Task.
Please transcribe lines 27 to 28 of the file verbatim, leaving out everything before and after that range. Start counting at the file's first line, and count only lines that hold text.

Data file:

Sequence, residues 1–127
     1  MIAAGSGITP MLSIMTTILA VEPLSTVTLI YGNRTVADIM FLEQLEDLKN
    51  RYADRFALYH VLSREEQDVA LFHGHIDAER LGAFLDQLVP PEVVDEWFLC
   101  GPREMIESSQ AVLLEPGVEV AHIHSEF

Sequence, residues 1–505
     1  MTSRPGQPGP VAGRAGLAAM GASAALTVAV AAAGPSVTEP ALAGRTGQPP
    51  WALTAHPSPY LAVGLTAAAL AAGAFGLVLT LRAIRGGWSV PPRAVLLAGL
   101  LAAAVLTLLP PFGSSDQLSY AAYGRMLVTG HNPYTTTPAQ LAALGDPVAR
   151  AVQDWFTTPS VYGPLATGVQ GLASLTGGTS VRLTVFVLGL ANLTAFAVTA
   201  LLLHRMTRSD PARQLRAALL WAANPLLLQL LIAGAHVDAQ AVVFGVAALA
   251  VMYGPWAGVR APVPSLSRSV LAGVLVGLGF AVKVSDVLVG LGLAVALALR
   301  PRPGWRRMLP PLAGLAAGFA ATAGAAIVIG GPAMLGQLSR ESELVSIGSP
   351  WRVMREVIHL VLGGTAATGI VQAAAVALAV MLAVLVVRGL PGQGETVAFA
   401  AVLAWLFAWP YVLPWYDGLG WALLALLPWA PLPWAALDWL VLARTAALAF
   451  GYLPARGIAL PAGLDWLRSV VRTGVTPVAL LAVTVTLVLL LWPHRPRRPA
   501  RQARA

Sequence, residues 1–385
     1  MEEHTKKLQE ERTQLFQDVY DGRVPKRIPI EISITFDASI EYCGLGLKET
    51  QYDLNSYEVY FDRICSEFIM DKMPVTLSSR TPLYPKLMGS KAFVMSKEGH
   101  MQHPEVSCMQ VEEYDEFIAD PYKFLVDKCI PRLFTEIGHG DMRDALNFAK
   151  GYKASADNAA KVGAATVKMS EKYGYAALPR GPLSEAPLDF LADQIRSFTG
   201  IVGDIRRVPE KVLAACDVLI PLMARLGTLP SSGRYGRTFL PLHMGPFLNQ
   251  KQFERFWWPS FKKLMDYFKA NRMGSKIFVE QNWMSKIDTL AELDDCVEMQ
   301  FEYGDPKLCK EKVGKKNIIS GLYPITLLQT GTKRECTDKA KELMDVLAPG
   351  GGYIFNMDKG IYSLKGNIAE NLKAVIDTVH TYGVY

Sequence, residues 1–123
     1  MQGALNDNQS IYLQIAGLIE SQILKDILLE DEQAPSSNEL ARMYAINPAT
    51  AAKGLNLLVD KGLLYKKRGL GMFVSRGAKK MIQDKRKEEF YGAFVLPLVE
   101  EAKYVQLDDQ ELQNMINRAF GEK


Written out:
     1  MQGALNDNQS IYLQIAGLIE SQILKDILLE DEQAPSSNEL ARMYAINPAT
    51  AAKGLNLLVD KGLLYKKRGL GMFVSRGAKK MIQDKRKEEF YGAFVLPLVE